School board chair sees value in elected trustees
By: Stacie Snow
| Posted: Tuesday, Oct 19, 2010 06:00 am
Despite rumours that the Province could replace local school trustees with a superboard or appointed governors, the Rocky View Schools chair says she is confident local boards have proven their worth and are here to stay.
“The government has repeatedly said that is something they would not do,” said Sylvia Eggerer.
“If they stand true to their word, they see the value in local elected boards.”
Alberta Education Minister Dave Hancock and Premier Ed Stelmach have both said plans to amend the School Act next spring will not involve doing away with elected boards.
The government plans to reopen the Alberta School Act and revamp it based on recommendations from the Inspiring Education report released by a government-appointed steering committee in June.
Eggerer said the importance of elected boards speaks for itself.
“The minister has been saying for the past three years to engage our public,” she said.
“I can’t think of a better example of engaging the public than the Council of School Councils, the Chamber of Commerce and the City of Airdrie’s support for more schools in the community. The ministers hopefully have taken that passion back to the Province.”
This election year, 47 per cent of all trustee positions in the province have been acclaimed and four attracted no candidates, as of nomination day. In RVS, all trustees but one were acclaimed.
“I have no problem with acclamations and I think people need to know it is not apathy,” said Eggerer.
“They are happy with their representation and we are trying our hardest to do a good job.”
Heather Wellwood, president of the Alberta School Board Association, said she doesn’t believe the government will go to a superboard, following a similar amalgamation process completed in health care, but she said the Province is likely watching this election closely.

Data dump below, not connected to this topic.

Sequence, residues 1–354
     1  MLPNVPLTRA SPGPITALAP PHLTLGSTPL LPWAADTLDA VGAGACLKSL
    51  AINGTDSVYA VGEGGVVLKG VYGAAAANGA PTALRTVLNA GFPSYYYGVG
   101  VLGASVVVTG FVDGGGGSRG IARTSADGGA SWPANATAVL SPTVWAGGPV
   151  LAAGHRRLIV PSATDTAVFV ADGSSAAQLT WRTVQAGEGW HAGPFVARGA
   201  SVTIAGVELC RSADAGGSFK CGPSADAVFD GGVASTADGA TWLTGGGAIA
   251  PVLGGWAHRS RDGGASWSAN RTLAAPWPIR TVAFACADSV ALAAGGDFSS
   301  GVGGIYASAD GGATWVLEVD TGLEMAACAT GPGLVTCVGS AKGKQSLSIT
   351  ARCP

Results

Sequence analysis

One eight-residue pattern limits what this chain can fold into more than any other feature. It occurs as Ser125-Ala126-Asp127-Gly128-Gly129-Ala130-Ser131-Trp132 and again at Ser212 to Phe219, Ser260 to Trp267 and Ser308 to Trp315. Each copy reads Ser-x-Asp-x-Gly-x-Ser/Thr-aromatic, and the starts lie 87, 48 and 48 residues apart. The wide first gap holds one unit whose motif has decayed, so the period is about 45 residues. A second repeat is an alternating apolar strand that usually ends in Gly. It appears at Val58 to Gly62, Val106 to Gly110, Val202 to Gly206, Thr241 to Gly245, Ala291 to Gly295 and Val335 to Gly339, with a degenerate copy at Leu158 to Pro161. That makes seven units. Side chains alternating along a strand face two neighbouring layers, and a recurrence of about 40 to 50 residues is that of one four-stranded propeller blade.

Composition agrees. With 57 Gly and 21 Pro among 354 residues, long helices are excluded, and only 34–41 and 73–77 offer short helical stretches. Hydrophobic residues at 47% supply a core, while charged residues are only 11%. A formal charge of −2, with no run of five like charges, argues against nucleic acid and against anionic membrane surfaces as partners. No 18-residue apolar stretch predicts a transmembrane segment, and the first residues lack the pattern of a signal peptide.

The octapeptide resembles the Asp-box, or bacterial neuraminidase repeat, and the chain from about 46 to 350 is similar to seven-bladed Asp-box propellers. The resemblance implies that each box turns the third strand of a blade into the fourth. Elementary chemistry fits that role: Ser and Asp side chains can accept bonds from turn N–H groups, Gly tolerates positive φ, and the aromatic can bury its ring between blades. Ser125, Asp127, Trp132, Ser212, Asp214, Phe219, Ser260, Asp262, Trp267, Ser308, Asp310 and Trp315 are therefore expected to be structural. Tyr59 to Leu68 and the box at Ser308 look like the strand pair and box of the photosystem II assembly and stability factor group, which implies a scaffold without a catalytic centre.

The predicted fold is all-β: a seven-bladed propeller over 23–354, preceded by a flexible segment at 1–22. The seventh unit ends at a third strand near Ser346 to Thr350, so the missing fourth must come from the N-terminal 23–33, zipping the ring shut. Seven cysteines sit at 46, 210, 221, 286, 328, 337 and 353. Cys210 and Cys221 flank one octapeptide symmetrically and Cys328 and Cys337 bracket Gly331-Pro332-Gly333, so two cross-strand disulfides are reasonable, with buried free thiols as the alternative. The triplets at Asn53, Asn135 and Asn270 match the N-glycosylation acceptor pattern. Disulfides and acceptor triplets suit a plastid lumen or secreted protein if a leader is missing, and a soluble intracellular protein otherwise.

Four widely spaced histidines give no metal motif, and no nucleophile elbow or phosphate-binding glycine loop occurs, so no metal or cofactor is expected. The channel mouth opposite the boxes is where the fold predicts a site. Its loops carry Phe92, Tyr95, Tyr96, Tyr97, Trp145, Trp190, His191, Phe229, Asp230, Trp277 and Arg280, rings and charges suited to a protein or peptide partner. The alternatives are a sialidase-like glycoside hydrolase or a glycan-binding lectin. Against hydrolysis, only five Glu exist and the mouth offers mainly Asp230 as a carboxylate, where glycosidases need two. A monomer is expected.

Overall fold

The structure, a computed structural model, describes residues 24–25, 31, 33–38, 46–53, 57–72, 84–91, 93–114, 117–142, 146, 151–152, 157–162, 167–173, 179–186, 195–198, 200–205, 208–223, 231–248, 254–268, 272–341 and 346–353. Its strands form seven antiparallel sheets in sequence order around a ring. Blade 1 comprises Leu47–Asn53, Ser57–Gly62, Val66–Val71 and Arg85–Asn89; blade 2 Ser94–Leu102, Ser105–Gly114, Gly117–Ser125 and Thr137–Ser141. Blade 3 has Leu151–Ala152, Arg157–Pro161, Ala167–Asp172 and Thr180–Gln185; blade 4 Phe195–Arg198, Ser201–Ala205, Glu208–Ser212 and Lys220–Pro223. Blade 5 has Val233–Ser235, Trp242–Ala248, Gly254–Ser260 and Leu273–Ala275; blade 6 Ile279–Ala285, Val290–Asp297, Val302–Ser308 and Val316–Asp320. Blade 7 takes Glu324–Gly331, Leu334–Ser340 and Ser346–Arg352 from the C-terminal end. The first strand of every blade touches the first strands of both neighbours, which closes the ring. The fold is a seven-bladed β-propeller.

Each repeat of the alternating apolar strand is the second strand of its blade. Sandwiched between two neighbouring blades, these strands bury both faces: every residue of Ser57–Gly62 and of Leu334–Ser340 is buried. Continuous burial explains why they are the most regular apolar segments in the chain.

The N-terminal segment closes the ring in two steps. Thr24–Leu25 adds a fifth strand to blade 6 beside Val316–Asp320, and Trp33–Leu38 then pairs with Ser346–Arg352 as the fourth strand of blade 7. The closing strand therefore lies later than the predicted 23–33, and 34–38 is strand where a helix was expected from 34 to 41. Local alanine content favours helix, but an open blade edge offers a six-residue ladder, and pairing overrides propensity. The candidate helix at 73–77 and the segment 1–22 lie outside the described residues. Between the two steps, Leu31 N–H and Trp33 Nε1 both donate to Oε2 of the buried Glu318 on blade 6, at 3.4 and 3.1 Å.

The voluntary amalgamation between the public and Catholic francophone boards in southern Alberta - agreed to in the spring - could point to a broader streamlining process, Wellwood said.
The last time the province revamped the School Act, in legislation tabled in 1994, public boards were stripped of their taxation authority in favour of the per pupil funding model, and more than half of the school districts were eliminated or amalgamated.
“Since then, there have been some questions about the value of elected boards but I think they are the people’s voice,” said Eggerer.
“When you have someone local, you can get things underway and bring forward important issues. Another important aspect of our job is to be the stewards of the public purse.”
Hancock said he has no interest in creating a superboard or dissolving current boards.
“You still need to have elected boards to represent and involve the community,” said Hancock on Oct. 7.
“What we really need coming out of these elections is to engage new trustees and the continuing trustees in the continuing discussion about how we reflect in a new education act the role of boards with respect to public engagement - and then how do you then reflect the other voices that need to be there.”
He said it might be possible to appoint people to elected boards to represent specific underrepresented groups such as First Nations populations.
Eggerer supported that idea.
“Opinions from different groups are always welcome as long as it doesn’t override the elected vote,” she said.